24-Hour Emergency ServicePh: (306) 332-5611Emergency: Dial 911450 8th StreetFort Qu'Appelle, SK, CANOffice Hours Mon-Fri: 8:30 am - 4:30 pm


ABOUT US

ALL NATIONS’ HEALING HOSPITAL GOVERNANCE



All Nations’ Healing Hospital is owned and operated by File Hills Qu’Appelle Tribal Council (FHQTC) and Touchwood Agency Tribal Council (TATC) and is funded through a transfer agreement from Health Canada and an operating agreement with the Saskatchewan Health Authority.




FILE HILLS QU’APPELLE TRIBAL COUNCIL
As the primary subsidiary, the File Hills Qu’Appelle Tribal Council (FHQTC) handles daily business and operations of the All Nations’ Healing Hospital. FHQTC is the political and service organization for the Qu’Appelle Agency and the File Hills Agency, delivering programs and services to 11 First Nations in the Treaty Four Territory.



TOUCHWOOD AGENCY TRIBAL COUNCIL (TATC)
As an interest holder, the Touchwood Agency Tribal Council (TATC) is involved on a board basis to assist in the overseeing of corporate governance. TATC is the political and service organization for the Touchwood Agency, delivering programs and services to 4 member First Nations in the Treaty Four Territory.







BOARD OF DIRECTORS



Tribal Chief Edmund Bellegarde
File Hills Qu’Appelle Tribal Council


Chief Melissa Tavita
Qu’Appelle Agencies


Chief Matthew T. Peigan
Qu’Appelle Agencies


Chief Michael Starr
File Hills Agencies


Councillor Cora-Leigh Buffalo
Touchwood Agencies


Councillor Cynthia Desjarlais
Touchwood Agencies


Councillor Tammy Pelletier
Touchwood Agencies


Reeve Corey Senft
RM of Lipton


Reeve Lee Carlson
RM of North Qu’Appelle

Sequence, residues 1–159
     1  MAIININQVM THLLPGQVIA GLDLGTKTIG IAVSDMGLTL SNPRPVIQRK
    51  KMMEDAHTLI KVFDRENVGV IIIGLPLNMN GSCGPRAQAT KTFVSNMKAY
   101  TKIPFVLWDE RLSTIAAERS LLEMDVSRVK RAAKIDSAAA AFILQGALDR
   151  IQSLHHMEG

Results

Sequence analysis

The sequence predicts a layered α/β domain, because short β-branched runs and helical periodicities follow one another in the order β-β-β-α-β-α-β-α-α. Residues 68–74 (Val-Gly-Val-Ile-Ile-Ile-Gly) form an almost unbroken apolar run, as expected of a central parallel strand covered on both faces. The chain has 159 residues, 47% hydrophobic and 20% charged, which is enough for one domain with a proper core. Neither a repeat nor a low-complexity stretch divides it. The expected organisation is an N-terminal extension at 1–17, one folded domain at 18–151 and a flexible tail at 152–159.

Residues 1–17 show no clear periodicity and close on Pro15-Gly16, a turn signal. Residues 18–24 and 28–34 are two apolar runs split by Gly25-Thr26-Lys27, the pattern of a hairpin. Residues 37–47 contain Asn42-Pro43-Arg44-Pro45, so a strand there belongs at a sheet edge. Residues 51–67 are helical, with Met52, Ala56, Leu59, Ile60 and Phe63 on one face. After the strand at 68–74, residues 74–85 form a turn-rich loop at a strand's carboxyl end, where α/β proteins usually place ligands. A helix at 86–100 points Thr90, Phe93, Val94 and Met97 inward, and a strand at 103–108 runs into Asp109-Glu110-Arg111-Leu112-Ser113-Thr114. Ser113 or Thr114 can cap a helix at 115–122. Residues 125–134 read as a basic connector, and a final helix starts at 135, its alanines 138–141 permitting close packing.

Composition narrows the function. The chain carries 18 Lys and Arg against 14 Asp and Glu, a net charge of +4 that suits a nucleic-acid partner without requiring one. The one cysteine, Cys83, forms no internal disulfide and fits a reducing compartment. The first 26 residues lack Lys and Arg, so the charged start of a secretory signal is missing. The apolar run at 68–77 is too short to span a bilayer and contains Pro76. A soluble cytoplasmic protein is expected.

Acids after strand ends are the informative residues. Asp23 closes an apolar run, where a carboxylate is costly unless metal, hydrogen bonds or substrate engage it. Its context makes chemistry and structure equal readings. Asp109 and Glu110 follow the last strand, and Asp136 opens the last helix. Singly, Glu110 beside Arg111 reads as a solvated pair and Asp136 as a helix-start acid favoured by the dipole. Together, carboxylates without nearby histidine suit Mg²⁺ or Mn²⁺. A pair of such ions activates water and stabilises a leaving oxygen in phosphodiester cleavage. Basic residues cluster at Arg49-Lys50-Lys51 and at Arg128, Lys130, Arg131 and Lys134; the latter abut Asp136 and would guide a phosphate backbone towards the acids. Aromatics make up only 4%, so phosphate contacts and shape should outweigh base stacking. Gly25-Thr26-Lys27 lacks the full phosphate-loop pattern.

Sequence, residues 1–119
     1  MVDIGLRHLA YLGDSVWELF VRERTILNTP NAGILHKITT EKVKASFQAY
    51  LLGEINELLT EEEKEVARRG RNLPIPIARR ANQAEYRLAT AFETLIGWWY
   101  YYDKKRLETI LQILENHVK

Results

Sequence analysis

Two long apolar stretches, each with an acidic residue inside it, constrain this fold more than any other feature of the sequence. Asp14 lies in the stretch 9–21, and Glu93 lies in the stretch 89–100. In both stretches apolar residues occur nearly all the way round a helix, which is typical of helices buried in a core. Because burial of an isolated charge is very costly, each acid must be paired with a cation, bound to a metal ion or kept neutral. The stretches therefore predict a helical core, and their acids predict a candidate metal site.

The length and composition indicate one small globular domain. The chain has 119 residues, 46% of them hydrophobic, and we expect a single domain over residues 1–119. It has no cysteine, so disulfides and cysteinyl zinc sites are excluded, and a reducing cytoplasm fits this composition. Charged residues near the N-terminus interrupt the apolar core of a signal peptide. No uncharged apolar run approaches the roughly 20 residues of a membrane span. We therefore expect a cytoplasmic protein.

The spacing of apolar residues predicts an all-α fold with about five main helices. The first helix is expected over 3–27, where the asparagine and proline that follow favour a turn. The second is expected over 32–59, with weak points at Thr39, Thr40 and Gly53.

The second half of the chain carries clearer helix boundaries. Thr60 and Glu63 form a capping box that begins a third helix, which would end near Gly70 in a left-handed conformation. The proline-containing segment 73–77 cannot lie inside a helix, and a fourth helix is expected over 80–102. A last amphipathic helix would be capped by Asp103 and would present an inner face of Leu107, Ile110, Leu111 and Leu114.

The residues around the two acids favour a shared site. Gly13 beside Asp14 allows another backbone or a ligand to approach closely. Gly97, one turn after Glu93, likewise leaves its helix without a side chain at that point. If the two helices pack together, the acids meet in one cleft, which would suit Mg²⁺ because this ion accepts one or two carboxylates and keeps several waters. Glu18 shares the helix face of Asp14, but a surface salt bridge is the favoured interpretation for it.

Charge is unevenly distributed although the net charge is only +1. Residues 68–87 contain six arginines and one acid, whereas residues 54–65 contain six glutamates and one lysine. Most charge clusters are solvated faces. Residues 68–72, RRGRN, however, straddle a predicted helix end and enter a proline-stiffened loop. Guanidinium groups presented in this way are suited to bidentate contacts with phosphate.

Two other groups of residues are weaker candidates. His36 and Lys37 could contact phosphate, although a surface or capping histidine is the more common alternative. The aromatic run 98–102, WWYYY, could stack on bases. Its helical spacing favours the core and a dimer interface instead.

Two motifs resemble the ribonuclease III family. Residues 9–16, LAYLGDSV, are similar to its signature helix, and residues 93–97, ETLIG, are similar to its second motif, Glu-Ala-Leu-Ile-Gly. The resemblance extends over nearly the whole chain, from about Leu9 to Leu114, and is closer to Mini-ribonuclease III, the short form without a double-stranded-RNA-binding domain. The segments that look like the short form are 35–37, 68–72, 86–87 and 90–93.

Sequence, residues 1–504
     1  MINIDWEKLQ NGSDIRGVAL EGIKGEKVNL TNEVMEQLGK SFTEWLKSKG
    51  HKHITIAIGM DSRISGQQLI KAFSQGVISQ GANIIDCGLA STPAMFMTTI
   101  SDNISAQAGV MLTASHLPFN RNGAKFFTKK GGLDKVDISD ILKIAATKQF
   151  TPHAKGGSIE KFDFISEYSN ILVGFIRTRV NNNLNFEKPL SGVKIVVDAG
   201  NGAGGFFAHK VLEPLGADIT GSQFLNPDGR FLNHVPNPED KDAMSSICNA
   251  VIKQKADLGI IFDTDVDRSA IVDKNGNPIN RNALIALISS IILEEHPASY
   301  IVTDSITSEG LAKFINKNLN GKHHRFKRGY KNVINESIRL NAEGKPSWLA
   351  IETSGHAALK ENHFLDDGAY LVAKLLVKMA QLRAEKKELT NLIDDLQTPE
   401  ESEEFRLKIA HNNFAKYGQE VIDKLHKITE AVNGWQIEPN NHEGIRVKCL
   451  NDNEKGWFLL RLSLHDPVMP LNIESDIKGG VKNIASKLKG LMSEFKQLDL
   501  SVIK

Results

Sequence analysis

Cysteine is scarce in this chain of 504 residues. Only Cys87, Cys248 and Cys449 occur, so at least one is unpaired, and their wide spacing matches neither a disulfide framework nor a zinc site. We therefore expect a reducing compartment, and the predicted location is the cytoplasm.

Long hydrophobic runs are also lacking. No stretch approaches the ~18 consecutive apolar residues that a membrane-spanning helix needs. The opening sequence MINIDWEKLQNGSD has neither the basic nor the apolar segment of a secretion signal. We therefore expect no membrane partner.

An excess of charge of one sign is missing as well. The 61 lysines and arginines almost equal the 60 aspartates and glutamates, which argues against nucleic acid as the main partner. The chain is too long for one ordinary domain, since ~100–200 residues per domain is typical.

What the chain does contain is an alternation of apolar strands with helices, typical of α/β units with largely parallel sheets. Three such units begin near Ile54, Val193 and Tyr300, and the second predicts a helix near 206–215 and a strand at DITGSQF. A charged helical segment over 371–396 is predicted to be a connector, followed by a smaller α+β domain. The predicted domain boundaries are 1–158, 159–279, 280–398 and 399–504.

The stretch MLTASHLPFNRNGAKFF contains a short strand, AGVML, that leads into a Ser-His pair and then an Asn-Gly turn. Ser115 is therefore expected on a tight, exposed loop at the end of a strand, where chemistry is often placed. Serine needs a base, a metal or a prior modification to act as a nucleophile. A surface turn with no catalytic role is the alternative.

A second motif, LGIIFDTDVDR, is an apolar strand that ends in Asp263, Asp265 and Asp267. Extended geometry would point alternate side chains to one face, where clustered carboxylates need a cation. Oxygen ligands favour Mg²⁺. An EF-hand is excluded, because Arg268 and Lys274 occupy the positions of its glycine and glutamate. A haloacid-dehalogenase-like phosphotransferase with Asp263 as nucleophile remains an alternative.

Councillor Monica Knowles
Village of Lipton


Mayor Gus Lagace
Town of Fort Qu’Appelle


Marian Zerr
Member At Large



ANHH ANNUAL REPORT PDF 2018/2019ANHH ANNUAL REPORT PDF 2019/2020ANHH ANNUAL REPORT PDF 2020/2021 COMING SOON

To request previous ANHH Annual Reports please email the
Director of ANHH – gboehme@fhqtc.com


ANHH BROCHURE PDF







History

All Nations’ Healing Hospital opened its doors on June 12, 2004. The facility replaced the old Fort Qu’Appelle Indian Hospital built in 1909.

The hospital includes 24 hour physician services, 14 acute care beds, a 24 hour emergency department, palliative care services, outpatient services, diagnostic services (lab and x-ray). Cultural and traditional services include: access to traditional knowledge keepers, traditional medicines, traditional and spiritual institutes and spiritual counselling.

The culturally sensitive design elements incorporated into the facility accommodate an approach to health care that recognizes the relationship between mind, spirit, body and community.

Vision

Recognized leaders in the development, delivery and influence of exceptional, safe and wholistic care.

Mission

The All Nations’ Healing Hospital delivers safe, wholistic health services and research to meet the needs of our communities. Specifically, ANHH provides services in the areas of acute and chronic health care and women’s health.

Goals

The All Nations’ Healing Hospital will:

  • Provide safe, quality health care services that strives to exceed all required standards, regulations and legislation.
  • Be future orientated, innovative and strategic in planning and service delivery, embracing the uniqueness of All Nations’ Healing Hospital.
    Pursue positive relationships which foster involvement in issue management, articulate joint commitment to participation and decision making and assure clear communication.